Bloomberg Businessweek|June 15, 2020
In April, just weeks into the coronavirus-prompted shutdowns, Kevin Bordelon, a sales representative for drug giant Sanofi, looked up from a video call with a dermatologist to spot a redheaded blur in the background. It was his 3-year-old toddler, racing in with “nothing but underwear on and peanut butter all over his face,” he recalls, laughing. “And there’s just nothing you can do at that point to stop it, you know? You just kind of let it happen.”
Bordelon’s toddler disruptions while working from home are a far cry from the iconic image of a polished pharmaceutical sales rep barging into a doctor’s office with briefcase and a spread of drug samples in hand—think Jake Gyllenhaal peddling Viagra pills in the 2010 romantic comedy Love & Other Drugs. But the pandemic has changed things, even in the world of sales. The 40-year-old Bordelon used to spend his workdays traveling across the U.S., meeting with doctors and other medical providers. Lately, though, he’s swapped the fieldwork for a home-office setup, virtual meetings, and some rowdy new co-workers: his 3-yearold and 6-year-old sons.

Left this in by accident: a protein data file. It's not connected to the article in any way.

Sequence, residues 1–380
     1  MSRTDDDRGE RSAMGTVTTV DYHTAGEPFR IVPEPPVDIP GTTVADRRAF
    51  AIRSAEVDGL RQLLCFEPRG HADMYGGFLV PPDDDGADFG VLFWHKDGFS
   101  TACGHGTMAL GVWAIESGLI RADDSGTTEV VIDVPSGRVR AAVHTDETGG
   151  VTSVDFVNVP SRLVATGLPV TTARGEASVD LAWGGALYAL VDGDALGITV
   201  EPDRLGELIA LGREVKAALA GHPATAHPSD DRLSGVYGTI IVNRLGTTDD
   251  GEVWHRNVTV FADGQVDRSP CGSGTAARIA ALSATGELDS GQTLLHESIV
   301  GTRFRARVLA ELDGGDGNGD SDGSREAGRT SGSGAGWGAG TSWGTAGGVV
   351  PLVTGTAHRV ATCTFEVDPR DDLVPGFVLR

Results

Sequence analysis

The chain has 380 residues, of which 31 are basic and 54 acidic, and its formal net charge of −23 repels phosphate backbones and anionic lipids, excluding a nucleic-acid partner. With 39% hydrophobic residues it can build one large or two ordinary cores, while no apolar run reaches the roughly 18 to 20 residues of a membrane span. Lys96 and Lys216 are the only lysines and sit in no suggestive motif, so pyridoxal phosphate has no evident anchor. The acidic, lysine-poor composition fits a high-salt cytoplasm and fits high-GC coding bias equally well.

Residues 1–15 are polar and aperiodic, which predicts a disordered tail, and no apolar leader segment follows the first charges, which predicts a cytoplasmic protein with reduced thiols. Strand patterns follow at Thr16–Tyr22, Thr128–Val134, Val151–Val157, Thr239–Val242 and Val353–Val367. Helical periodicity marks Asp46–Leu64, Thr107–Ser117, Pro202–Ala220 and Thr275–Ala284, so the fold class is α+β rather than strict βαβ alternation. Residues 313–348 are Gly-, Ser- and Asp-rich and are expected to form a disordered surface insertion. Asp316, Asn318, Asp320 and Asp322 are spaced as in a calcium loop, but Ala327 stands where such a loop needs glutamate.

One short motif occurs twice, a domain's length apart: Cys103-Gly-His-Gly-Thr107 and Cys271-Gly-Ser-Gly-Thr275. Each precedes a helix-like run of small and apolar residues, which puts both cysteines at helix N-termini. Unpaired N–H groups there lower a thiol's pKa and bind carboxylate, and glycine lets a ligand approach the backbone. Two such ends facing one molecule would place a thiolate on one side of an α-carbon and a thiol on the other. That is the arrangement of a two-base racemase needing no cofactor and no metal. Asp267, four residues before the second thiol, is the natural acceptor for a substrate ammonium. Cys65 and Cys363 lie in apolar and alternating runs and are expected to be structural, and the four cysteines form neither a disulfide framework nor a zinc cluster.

Plenty of professionals around the world have made the shift to telework during the pandemic, but it’s an especially big change for America’s 65,000 pharmaceutical salespeople, who have long relied on personal office visits and events. Stuck at home like everyone else, they’ve turned to emails and virtual meetings. But the new formats have left sales reps struggling, more limited in how many clients they can meet in a day and navigating other fresh obstacles.
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June 15, 2020